What is a Museum?

A museum is a non-profit institution that collects, preserves, researches, communicates and exhibits the tangible and intangible heritage of humankind for the benefit of present and future generations. Its aim is to educate and enrich the public through the presentation of artifacts and of history, culture and science in a way that fosters appreciation and enjoyment.

Museums are places of wonder and delight that can make your jaw drop when you walk through their doors. Some museums are dedicated to a particular art or artist (hello, Terracotta Warriors), while others bring together masterpieces from all corners of the globe (hello Louvre and Uffizi). The best galleries and museums are not only full of beautiful works, but they also offer engaging and thought-provoking exhibitions that can change your perspective on society and culture.

The term “museum” is derived from the Greek word mouseion, which means seat of the Muses. Originally, it was used in a religious sense, and later became associated with places of learning and the arts. It was only in the 18th century that the museum developed into an independent institution, as it is today.

As the museum concept evolved, many different types of museums emerged. The most common are those that hold a collection and provide public access to it. These museums include art, natural history and science, archaeological, historical, ethnographic, and cultural museums. The goal of the museum is to inspire the imagination and foster appreciation and understanding of human creativity and cultural diversity.

These museums may be owned by government agencies, private individuals or organizations, or foundations. They are usually maintained and operated by a museum director who is often supervised by a board of trustees. Some museums are also involved in research, and their collections are frequently donated or loaned to other institutions for that purpose. Most museums also participate in international museum exchange programs.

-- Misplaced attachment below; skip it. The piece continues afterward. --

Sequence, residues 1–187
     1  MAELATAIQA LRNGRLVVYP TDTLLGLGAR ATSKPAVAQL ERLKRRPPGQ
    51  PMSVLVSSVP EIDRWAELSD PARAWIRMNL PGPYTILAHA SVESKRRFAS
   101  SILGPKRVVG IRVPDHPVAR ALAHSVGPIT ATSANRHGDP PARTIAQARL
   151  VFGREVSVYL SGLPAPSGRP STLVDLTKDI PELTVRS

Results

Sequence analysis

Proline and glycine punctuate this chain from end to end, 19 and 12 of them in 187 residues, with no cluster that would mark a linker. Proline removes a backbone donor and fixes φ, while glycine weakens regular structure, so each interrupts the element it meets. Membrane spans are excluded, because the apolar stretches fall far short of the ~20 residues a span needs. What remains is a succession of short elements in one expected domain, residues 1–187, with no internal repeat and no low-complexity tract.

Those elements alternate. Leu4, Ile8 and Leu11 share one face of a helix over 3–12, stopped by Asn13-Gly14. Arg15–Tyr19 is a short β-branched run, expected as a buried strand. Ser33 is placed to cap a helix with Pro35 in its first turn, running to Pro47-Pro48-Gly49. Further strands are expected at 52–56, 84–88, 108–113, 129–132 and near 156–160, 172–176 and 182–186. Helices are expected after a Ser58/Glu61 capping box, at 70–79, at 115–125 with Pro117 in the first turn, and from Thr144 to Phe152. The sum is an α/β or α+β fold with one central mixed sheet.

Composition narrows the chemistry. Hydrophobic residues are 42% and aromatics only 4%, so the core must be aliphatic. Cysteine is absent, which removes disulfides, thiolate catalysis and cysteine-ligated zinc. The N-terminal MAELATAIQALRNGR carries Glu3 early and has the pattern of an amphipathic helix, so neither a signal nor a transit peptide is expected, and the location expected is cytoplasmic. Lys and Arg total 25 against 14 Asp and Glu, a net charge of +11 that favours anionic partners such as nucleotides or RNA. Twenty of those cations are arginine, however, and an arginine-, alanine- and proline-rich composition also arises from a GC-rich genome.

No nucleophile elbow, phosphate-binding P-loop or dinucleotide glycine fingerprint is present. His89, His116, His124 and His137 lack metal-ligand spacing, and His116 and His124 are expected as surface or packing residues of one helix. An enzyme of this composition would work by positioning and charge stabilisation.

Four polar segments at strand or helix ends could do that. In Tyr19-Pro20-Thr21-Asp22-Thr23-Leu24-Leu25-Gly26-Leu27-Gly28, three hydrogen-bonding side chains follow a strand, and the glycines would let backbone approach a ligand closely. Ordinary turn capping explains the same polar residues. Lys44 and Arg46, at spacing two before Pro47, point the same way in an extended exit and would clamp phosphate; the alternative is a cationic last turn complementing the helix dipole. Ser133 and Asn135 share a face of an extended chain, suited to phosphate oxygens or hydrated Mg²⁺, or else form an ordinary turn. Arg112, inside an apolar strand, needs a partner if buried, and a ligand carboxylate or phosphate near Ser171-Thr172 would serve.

Increasingly, museums are responding to social and environmental concerns, and the needs of their communities. These efforts include the development of sustainable museum practices, and the development of exhibitions that address issues such as climate change, the Anthropocene, and decolonization.

In addition, many museums have responded to calls for the restitution of artworks and objects that were stolen from indigenous peoples, and the decolonization of their collections.

Some museums are located on historic sites and focus on the history of the site itself. This includes historic homes, battlefields, battleships and other significant buildings. Museums in this category are sometimes called historical museums or living museums.

Other museums are based in cities and feature a collection of objects that is thematically linked to a city or region. These museums are sometimes known as city museums or civic museums. They are often large and have a wide range of departments, such as education, conservation, research, and exhibitions. Some have libraries, film and sound archives, and other specialized departments. They are primarily financed by admissions and other revenue sources, and they are supported by the local community.